T Nation

Net Carbs / In-Digestable Carbs

I am cutting back on carbs and found a bunch of low carb products at a local shop. One is “low carb pasta” that says it has 5 grams of carbs that “count.” The label lists 35 grams of carbs. 5 of those are fiber. That leaves 30 more grams of carbs, but only 5 count. So what happens to the mysterious other 25 grams?

If they don’t count as “carbs” what do they count as? Because the calorie count still indicates they are assigning 4 calories per gram to those in-digestable carbs. If you can’t digest them why do they have calories? I have fished around on the internet and still have not found a concise answer to this.

I wouldn’t trust most labels that are typically “carby” foods when they say low-carb.

I doubt they use it in pasta, but are there any sugar alcohols listed, or ingredients with -ol ending in it?

that’s all I can think about.

First, be cautious, as it could just be a stupid company bending the truth to make more profits.

However, I have heard ‘Shirataki’ noodles have a very high Glucomannan content, yet everytime I have heard these noodles the Glucomannan was not listed as a fiber, although it pretty much acts as one. Is this a possibility?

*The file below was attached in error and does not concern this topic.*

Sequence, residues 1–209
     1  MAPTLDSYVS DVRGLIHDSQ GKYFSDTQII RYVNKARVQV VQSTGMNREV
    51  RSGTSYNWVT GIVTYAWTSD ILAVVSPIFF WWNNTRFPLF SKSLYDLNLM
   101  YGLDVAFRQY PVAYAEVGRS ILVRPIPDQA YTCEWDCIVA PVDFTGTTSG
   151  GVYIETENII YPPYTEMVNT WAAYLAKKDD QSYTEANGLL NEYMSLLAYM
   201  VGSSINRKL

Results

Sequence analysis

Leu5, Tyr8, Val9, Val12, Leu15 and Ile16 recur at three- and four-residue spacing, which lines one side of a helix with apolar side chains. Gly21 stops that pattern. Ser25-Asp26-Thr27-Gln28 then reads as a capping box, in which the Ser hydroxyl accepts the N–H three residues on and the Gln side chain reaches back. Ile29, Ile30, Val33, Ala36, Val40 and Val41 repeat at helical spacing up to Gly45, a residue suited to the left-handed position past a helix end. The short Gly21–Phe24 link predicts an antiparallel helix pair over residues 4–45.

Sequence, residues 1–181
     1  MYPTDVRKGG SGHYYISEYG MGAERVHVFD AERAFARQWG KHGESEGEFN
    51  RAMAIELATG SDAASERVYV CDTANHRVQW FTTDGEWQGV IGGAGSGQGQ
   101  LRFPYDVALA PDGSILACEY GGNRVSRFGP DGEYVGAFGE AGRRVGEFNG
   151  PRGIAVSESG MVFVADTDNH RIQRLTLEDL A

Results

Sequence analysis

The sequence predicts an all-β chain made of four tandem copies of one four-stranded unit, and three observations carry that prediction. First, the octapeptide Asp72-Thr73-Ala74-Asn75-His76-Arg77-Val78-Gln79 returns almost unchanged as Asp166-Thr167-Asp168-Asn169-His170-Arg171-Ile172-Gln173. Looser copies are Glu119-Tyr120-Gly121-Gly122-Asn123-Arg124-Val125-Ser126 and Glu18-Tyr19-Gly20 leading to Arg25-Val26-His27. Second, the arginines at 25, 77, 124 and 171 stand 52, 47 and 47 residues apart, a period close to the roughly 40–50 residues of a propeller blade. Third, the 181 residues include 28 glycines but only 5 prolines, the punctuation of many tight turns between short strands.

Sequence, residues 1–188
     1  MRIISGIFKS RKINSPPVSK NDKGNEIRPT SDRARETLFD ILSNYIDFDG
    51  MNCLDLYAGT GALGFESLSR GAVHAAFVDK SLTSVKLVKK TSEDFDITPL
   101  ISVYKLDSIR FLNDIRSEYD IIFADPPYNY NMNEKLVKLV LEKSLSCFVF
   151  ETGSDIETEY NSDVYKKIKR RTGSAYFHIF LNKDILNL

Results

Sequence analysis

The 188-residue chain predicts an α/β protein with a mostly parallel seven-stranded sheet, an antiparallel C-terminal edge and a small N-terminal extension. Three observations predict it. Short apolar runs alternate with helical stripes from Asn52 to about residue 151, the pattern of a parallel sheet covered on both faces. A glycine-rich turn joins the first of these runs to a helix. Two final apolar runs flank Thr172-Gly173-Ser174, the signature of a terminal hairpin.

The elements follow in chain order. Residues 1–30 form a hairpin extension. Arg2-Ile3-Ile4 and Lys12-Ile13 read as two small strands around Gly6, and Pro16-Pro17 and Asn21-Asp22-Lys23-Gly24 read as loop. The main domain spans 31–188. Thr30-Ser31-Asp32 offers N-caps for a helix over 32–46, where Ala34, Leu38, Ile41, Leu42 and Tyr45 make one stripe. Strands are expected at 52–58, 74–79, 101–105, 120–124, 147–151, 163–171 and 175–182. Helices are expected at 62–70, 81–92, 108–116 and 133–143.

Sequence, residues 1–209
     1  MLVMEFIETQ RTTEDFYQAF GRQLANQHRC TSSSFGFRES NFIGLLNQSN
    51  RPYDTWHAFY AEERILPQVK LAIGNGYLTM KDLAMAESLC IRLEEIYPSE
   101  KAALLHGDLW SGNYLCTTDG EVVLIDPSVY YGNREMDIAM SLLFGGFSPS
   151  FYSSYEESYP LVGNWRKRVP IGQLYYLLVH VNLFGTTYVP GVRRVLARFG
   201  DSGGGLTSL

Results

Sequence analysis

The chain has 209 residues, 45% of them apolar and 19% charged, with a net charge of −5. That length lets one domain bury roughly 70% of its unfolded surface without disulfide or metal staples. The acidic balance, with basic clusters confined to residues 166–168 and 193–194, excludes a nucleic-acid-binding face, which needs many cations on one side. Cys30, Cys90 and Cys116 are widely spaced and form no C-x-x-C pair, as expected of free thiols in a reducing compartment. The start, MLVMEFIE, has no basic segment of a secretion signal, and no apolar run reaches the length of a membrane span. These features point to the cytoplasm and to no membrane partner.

It is possible that even though Glucomannan does not have a caloric value, that it must be assigned one due to labelling laws if it is not officially considered a fibre.

More often than not, though, it’s the former point.

Here is the pasta I got ^^^ but I just wonder where all those “non-digestable” carbs go? I know they do not mysteriously become protein or fat. And since they have calories…they have to be SOMETHING.

It looks like their “protected carbs” are all starches. Starches start digesion in the mouth. Saliva is vital for starch digestion. If they can get the starches past the mouth without encountering saliva, then maybe those carbs don’t digest at all.

Their claim is that the manufacturing process – perhaps combined with not chewing thoroughly, though they don’t state that – results in most of the starch content not being digested and absorbed. So it “acts” like fiber according to their claim, but it cannot be listed as fiber.

I did read something once that had more detail on this process that sounded plausible, but I can’t now remember it specifically. Very briefly it could be described as the starch granules having a protective coating applied and thus being resistant to digestion.

Starch counts as calories on nutrition labels whether expected to be absorbed or not.

They don’t present specific evidence on their site that I could find, and this phrase “protected carbs” isn’t a scientific term. So I can’t, in a quick look, find backup on it presently.

They do claim markedly lower glycemic index: if true, this would support that much of the carb content is either not absorbed or has delayed absorption.